Women “are less likely than men to attend the schools that send a high percentage of graduates into the profession,” said professor Deborah J. Merritt. This means women “start at a disadvantage” that may well continue throughout their professional lives, Merritt said. Despite the high numbers with law degrees, women hold fewer than 20% of partnerships at law firms and are underrepresented in the higher echelons of law, including the ranks of judges.   read more

U.S. and the World

  • Germany Emerges as Test Case for Facebook Regulation of Online Hate Speech

    Tuesday, November 29, 2016
    In Germany, more than almost anywhere else in the West, lawmakers are demanding that Facebook go further to police what is said on the social network. The country’s lawmakers also want other U.S. tech giants to meet similar standards. “Facebook has a certain responsibility to uphold the laws,” said Heiko Maas, the German justice minister. In October, Maas suggested the company could be held criminally liable for users’ illegal hate speech postings if it does not swiftly remove them.   read more
  • Israeli Firm that Built Israel’s Border Walls has High Hopes to Do Same for Trump

    Sunday, November 27, 2016
    Magal has built high-tech walls along Israel's volatile borders, as well as a high-tech barrier separating the Hamas-ruled Gaza Strip from Israel. Its products include cameras, sophisticated sensors, robots and software to operate the systems. Despite a mixed record of profitability and a historically volatile stock, the company's shares have surged on the Nasdaq Stock Market since Donald Trump was elected president on Nov. 8. "For sure this will be a mega project," said CEO Koursh.   read more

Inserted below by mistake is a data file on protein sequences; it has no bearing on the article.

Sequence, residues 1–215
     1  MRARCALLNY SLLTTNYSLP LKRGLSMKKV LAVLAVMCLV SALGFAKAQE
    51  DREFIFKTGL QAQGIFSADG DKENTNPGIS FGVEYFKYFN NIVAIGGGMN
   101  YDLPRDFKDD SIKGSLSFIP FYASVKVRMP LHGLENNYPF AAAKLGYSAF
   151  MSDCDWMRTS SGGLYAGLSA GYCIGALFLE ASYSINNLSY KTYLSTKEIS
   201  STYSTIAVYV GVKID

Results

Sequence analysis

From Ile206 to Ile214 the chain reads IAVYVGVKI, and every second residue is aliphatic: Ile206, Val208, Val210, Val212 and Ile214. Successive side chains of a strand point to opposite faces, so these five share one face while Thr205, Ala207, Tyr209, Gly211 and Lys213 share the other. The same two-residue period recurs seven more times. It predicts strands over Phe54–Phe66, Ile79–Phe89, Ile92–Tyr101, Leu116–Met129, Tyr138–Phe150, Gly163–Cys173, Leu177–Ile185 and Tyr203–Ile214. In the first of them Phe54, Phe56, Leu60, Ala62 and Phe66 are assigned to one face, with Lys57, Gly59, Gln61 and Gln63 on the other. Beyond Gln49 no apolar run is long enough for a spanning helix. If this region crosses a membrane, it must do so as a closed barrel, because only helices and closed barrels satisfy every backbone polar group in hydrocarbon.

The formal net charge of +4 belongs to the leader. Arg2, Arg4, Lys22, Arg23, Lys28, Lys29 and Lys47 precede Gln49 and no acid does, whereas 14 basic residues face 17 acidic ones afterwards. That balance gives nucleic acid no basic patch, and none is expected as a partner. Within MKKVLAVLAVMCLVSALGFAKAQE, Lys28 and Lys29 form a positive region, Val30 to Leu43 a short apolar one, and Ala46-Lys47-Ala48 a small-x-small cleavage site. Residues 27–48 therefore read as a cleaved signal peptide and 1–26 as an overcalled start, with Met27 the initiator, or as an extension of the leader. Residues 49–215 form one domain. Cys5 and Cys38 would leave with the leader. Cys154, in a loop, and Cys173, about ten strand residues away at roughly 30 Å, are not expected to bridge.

• Facebook Said to Create Censorship Tool in Effort to Re-Enter Chinese Market

    Thursday, November 24, 2016
    Facebook has quietly developed software for China to suppress posts from appearing in people’s news feeds in specific geographic areas. The feature was created to help Facebook get into China. It illustrates the extent to which Facebook may be willing to compromise one of its core mission statements, “to make the world more open and connected,” to gain access to a market of 1.4 billion Chinese people. Several employees have left Facebook after expressing misgivings about it.   read more

Appointments and Resignations

  • Bulgaria’s Ambassador to the United States: Who Is Tihomir Stoytchev?

    Sunday, November 27, 2016
    Stoytchev was back in Washington in 2008 as deputy chief of mission in the embassy. He remained there until 2011, serving as chargé d’affaires from 2009 to 2010. Beginning in 2012, Stoytchev served as foreign policy secretary to Bulgarian President Rosen Plevneliev until being tapped as ambassador to the U.S. Stoytchev said one of his major goals is to get his country added to the U.S. visa waiver program, which would facilitate travel by Bulgarians.   read more
  • Vatican City’s Ambassador to the United States: Who Is Christophe Pierre?

    Saturday, November 26, 2016
    Pierre had helped to unite Mexico’s bishops and establish better links between the church and its followers. His posting to Washington was made upon the retirement of Nuncio Vigano, who had blindsided Pope Francis by setting up a meeting with Kim Davis, the Kentucky clerk who broke the law by refusing to issue same-sex marriage licenses. Pierre is seen as a good fit for the job because his experience in Mexico is considered helpful, given the election of Donald Trump as U.S. president.   read more
  • El Salvador’s Ambassador to the United States: Who Is Claudia Ivette Canjura de Centeno?

    Friday, November 25, 2016
    Canjura’s background is in medicine, not diplomacy. She was ambassador to Guatemala from 2009 to 2012. She was then made ambassador to Russia, where she helped open El Salvador’s embassy. She was also credentialed to Ukraine and Kazakhstan. Canjura was in Moscow until being moved to Washington.   read more